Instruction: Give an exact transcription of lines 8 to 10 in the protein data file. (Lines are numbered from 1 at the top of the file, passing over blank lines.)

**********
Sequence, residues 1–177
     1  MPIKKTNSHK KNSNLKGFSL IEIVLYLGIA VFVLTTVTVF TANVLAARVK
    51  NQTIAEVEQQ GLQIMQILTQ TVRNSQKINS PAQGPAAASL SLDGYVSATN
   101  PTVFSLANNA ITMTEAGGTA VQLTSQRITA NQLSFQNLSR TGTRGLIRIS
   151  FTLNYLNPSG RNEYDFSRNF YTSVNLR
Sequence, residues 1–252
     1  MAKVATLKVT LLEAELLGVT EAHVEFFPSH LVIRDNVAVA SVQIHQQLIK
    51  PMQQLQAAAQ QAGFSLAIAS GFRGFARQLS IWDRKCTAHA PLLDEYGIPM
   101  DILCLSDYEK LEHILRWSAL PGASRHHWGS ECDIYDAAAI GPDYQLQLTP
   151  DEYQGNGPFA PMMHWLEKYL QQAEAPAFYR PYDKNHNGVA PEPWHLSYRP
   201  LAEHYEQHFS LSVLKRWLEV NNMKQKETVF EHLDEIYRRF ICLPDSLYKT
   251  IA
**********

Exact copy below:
    51  PMQQLQAAAQ QAGFSLAIAS GFRGFARQLS IWDRKCTAHA PLLDEYGIPM
   101  DILCLSDYEK LEHILRWSAL PGASRHHWGS ECDIYDAAAI GPDYQLQLTP
   151  DEYQGNGPFA PMMHWLEKYL QQAEAPAFYR PYDKNHNGVA PEPWHLSYRP